A Leicestershire schoolboy has won a national bravery award after surviving surgery to remove a tumour half the size of his brain.
On Christmas Eve last year, Ceylian Bonnet Bocher’s parents called a priest to baptise him because they feared he wouldn’t survive surgery to remove an orange-sized tumour from his head.
The ten-hour operation was an unexpected success and, by Christmas Day, Ceylian was able to sit up in bed and open his presents.
Now the youngster, who will be four in January, has been given a Cancer Research UK Kids and Teens Star award in recognition of the courage he’s shown during the past year.
Mum Marina, who nominated Ceylian for the award, said:
Following surgery Ceylian was diagnosed with a rare type of bone and soft tissue cancer called Ewings Sarcoma.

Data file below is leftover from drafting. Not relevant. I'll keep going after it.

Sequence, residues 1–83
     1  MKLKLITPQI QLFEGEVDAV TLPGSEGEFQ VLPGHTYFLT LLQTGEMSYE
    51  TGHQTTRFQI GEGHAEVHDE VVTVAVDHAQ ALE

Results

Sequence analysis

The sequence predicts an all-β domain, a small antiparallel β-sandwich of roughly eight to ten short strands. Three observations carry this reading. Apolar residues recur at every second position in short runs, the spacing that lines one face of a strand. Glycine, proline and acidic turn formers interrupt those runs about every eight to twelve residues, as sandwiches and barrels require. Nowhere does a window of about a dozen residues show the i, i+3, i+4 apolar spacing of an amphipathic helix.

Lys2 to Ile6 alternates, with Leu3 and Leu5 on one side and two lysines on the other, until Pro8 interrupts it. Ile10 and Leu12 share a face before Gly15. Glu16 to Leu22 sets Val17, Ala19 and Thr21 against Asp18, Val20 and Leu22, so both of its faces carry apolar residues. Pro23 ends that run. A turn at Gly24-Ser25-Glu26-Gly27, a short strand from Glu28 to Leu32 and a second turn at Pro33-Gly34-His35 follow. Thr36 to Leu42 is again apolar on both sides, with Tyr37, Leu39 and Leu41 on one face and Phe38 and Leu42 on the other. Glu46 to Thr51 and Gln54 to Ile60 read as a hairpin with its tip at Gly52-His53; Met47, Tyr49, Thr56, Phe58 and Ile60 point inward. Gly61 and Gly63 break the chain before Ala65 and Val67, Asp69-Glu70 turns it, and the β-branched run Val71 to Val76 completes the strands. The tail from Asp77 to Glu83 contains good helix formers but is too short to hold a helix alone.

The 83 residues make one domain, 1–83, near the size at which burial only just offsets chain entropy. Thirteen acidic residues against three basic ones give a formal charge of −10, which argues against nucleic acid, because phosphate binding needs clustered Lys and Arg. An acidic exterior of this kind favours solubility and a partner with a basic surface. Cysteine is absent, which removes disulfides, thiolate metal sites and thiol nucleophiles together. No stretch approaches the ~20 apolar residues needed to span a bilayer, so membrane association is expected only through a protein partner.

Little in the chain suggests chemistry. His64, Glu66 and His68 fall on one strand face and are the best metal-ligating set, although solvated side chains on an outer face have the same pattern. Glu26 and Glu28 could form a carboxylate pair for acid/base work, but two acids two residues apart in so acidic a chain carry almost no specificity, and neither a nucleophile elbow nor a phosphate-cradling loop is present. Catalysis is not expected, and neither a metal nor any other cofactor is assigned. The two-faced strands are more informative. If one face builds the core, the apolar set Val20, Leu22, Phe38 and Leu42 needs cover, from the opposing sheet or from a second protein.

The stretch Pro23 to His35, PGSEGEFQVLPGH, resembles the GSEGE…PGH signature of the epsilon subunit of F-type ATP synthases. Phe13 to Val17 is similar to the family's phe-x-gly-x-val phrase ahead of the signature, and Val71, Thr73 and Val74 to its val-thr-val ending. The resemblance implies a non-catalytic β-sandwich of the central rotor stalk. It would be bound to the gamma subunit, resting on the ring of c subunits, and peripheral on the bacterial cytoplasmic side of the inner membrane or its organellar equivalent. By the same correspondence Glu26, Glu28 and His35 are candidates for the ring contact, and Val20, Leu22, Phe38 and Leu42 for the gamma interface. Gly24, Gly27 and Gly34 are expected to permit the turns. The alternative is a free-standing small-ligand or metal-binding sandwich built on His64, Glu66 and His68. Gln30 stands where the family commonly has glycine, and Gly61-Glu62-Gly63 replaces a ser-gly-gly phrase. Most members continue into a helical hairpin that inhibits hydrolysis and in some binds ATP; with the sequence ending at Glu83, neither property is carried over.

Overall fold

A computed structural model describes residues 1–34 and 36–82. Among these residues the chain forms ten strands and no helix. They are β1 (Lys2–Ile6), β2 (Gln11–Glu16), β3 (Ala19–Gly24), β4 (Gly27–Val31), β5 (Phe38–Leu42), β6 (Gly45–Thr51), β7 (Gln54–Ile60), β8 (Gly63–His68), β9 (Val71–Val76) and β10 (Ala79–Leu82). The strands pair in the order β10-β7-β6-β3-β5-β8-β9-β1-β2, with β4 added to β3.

He was able to return home on January 10 - his third birthday – before undergoing an intense course of chemotherapy which began in February.
But repeat infections meant that he was in and out of hospital constantly.
In May, Ceylian’s sister Lilwenn went to live with extended family in France while parents Marina and Damien took Ceylian to America for Proton Beam Therapy – a type of radiotherapy which precisely targets cancer cells.
Ceylian’s chemotherapy ended in September and, since then, family life has largely returned to normal.
Marine, from from Ashby de la Zouch, said:
Every year, around 105 children are diagnosed with cancer in the East Midlands.
The Cancer Research UK Kids and Teens Star award, in partnership with TK Maxx, celebrates the strength shown by young people who have been affected by cancer.